After a particularly busy summer coaching soccer camps I was rather hoping for a few more opportunities to fish in the Fall. However, with work not slowing down and wanting to spend what free time I had with my family my fishing ground to a halt. Desperate remedies were required and in early September I decided that although I did not have any days at my disposal I would have to be creative in order to get some much needed carp therapy.
My plan was to fish after work, typically leaving for the lake at 7.30pm. Problem was that the areas I wanted to fish were around 2 hours away from me! Deciding to suck it up I packed the car before coaching and then headed out to fish, usually arriving between 9.30 and 10pm at night. This usually gave me around 10 to 12 hours to fish, before I had to return home to shower and then work again. I chose to do this mid week and again on Sunday’s to try and maximize my chances of nabbing a few decent fish.
While many anglers have the benefit of extra time or opportunity to pre-bait with large quantities I was limited to a matchmans approach; mainly fish for one bite at a time. To be honest, this is how I fish most of the time anyway as I rarely fish beyond 24 hours and I don’t really get the opportunity to visit my spots regularly as they are usually at least 100 miles from me. This makes me work harder at location, both in regards to the areas I fish and also the actual spots within these areas. On the flip side it’s much cheaper as I am not piling in bait so I tend to buy very high quality baits as I want to make sure I have 100% confidence in them. My main baiting approach would be boilie based, but also adding in high quality pellets and also a particle laden ground bait for flowing water. One product I have used a lot over the last 2 years has been deer feed powders. I can get them from several locations and they are relatively cheap ($10 for a 5lb bag). They are also loaded with attractors and have a decent protein content, both of which add to their effectiveness.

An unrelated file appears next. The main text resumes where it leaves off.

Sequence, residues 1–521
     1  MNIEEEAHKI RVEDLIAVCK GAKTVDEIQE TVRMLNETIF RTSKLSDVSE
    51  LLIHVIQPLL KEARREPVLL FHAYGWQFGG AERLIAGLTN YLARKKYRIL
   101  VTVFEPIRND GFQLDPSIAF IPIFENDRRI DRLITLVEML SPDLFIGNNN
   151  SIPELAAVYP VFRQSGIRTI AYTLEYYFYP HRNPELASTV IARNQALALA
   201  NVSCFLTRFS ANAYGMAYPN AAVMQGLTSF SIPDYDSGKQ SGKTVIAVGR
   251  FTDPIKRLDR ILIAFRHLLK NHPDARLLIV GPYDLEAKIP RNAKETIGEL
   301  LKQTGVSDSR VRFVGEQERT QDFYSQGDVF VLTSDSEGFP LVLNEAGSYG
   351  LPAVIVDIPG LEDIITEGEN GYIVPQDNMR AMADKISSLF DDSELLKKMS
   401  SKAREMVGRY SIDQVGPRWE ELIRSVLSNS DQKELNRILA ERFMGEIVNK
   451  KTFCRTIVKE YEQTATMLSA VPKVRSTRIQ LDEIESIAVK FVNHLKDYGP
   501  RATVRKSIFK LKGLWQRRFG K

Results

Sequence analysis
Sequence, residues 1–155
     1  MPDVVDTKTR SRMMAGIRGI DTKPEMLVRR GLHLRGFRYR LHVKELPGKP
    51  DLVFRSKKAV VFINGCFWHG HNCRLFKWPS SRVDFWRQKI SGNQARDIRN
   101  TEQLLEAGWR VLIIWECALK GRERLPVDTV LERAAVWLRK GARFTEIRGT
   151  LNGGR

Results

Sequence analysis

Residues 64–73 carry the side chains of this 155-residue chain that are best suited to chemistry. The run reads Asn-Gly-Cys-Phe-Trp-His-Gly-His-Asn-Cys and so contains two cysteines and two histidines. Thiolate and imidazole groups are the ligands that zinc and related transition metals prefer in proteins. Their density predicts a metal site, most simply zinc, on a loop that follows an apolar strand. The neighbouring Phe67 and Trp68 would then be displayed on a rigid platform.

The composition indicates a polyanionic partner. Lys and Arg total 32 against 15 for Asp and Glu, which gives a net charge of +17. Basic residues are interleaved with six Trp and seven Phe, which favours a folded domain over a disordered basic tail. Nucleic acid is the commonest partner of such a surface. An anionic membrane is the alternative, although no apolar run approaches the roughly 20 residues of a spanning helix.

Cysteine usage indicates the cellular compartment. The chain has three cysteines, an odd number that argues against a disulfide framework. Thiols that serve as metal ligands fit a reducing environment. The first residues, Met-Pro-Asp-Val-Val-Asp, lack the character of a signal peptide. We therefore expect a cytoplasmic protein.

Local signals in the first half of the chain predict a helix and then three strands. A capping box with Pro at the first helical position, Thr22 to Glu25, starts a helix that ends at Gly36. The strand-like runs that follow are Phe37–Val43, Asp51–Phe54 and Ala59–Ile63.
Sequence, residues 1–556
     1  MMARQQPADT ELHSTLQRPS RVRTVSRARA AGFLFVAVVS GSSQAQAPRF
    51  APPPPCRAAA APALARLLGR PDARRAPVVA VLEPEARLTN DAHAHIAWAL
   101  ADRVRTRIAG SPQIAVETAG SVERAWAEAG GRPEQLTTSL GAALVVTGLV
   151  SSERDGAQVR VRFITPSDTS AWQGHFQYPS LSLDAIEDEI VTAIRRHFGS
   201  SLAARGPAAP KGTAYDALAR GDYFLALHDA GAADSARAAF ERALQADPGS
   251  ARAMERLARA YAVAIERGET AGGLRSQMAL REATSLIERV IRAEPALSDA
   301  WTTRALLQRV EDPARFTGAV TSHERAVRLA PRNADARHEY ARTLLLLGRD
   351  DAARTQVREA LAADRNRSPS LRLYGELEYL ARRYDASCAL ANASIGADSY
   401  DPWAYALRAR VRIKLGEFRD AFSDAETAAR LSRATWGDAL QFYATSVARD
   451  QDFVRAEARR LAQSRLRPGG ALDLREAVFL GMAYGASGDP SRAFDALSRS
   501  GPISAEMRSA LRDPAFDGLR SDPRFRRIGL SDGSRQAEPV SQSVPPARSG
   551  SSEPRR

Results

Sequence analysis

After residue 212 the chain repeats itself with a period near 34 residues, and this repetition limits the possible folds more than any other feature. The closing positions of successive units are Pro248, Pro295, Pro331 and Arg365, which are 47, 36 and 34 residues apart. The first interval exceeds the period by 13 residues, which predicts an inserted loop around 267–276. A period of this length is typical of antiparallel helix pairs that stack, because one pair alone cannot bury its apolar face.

For many anglers the dark is a strange medium to fish in, but for myself I thrive in it. Most of the waters I fish are busy in the daylight and the fish feed less cautiously once the sun goes down. Having fished a lot a night, I find I rarely need a head light and can operate quite well in the dark. I am also tuned into the natural elements and don’t have a great deal of fear as to what’s out there!! Obviously, it pays to fish areas you know are safe and there are certainly many areas I would not entertain fishing at night. However, if you pick a good venue you may find you catch more and the added benefit is that now one will know you have been there.